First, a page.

, created by Florian Baur
Game changing technology needs that personal touch
Recommendation Systems are transforming the way we choose products and services but an ‘off the shelf’ approach is unlikely to be the way forward.
‘People who bought this also bought the following..’ - sound familiar? Anyone shopping online, particularly at Amazon, has experienced this type of recommendation. Behind this seemingly simple marketing tactic is a game changing technology which has been quietly growing and evolving. Having already taken huge steps forward, Recommendation Systems (RS) are destined to progressively impact our decisions on what to buy, watch, eat or do. But how will they develop to become increasingly more relevant in the retail arena?
Early systems relied on rules and heuristics to develop recommendations – for example, suggesting the most popular items in a category to shoppers buying any product from that category. Next came content and attribute based systems focusing on specific elements such as ‘premium’ and this data often came from segmentation analysis and/or panel studies.
Pioneered by Amazon’s ‘collaborative filtering, algorithmic approaches were made possible by the increase in computation capabilities which support the creation of more sophisticated solutions and provide accurate results in real-time. Current RS models typically follow a generic algorithm and which lumps people into groups rather than fully personalising the results.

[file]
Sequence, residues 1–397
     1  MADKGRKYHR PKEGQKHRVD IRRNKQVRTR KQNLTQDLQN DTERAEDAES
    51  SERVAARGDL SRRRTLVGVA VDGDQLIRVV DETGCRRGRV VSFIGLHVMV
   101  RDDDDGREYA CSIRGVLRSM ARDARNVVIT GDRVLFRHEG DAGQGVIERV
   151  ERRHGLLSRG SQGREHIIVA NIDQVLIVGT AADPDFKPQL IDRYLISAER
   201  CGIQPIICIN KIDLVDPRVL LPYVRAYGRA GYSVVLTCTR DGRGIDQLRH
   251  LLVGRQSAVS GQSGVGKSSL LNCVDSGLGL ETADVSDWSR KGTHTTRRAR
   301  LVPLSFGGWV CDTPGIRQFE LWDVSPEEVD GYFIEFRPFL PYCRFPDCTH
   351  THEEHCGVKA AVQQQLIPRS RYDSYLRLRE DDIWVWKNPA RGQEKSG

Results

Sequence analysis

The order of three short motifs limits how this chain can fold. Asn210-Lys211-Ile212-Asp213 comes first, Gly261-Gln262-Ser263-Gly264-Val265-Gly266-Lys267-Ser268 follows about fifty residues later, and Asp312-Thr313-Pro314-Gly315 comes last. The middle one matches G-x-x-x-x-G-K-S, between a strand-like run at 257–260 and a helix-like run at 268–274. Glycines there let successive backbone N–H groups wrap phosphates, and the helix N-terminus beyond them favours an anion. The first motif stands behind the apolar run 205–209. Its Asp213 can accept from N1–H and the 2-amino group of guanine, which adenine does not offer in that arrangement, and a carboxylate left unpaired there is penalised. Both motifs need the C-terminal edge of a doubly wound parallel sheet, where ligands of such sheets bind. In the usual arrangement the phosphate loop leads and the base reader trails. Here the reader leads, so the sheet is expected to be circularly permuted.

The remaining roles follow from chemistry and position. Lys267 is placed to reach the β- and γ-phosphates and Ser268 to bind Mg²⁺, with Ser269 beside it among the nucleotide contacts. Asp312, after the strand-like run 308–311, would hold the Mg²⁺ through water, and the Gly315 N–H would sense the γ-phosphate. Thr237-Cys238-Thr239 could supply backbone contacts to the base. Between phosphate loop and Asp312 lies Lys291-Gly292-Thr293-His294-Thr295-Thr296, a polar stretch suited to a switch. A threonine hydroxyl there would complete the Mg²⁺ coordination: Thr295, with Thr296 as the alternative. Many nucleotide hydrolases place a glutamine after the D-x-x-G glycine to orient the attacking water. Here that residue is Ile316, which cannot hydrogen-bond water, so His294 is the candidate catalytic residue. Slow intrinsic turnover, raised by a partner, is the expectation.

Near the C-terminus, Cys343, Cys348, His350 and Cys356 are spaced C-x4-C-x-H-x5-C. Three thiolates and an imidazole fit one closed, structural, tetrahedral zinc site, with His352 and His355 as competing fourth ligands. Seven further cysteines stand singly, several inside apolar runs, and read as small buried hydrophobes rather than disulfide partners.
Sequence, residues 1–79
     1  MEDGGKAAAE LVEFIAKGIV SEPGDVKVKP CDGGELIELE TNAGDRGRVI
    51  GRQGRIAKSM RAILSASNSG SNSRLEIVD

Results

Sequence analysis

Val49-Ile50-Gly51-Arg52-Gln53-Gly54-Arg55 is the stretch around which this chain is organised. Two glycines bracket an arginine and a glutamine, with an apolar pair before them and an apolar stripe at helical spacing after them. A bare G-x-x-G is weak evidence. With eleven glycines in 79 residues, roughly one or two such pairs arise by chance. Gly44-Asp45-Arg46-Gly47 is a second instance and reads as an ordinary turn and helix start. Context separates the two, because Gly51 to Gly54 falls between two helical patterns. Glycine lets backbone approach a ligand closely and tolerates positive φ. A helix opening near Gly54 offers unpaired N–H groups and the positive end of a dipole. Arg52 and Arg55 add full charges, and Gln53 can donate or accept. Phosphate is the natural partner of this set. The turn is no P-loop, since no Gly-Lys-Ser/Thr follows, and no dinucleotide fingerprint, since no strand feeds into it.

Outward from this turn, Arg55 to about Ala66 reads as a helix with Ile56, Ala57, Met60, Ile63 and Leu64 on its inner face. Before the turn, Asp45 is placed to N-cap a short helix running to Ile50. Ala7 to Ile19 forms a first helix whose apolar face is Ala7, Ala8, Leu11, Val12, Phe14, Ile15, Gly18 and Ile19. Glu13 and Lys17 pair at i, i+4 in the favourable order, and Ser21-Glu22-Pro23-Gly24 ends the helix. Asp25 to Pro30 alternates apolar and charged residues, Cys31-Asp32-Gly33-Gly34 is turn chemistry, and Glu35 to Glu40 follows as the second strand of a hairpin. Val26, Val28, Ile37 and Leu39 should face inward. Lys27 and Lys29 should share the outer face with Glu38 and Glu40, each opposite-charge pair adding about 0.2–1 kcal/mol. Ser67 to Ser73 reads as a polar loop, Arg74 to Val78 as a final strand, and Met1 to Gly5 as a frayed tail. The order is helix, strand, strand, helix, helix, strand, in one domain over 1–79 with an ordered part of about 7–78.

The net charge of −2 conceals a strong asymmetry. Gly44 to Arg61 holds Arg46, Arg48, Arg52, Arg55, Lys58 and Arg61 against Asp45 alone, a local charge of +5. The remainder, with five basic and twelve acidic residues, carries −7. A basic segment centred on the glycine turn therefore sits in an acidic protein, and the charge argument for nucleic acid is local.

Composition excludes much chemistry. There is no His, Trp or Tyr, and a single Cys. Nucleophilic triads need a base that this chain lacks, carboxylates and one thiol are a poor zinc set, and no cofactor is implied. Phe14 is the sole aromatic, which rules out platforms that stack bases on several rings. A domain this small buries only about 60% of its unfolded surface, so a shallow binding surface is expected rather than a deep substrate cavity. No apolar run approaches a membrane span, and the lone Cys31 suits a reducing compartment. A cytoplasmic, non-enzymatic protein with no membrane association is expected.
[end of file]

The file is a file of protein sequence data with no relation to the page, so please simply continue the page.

A totally customised environment
People are unique individuals and no single approach to recommendation will work for everyone across all categories. True personalisation really cannot be addressed with a ‘one size fits all’ approach.
The answer is to customise by introducing a significant percentage of intelligence which is driven by fundamental shopping behaviour. Then the underlying system can learn to accommodate the differences between, for example, buying books or milk: few people buy the same book twice but will repeatedly buy one or more brands of milk. Understanding this is the key to relevant and personalised RS.
Therefore, the most advanced capabilities will emerge by integrating personalisation into the broader RS landscape to create cohesive systems. Everyone can receive bespoke recommendations, product offers and incentives completely relevant to their own specific needs – even to the point of varying the percentage of a discount based on individual shopping behaviour. An even more effective layer can be added by introducing real-time to the recommendation process using, for example, APIs, which allow several channels to be serviced via the same interface.
And moving forward even further?
At emnos, we are exploring ways in which RS could ultimately take us into uncharted territory where factors such as time, mood, location, sleep patterns and even social media history are taken into consideration.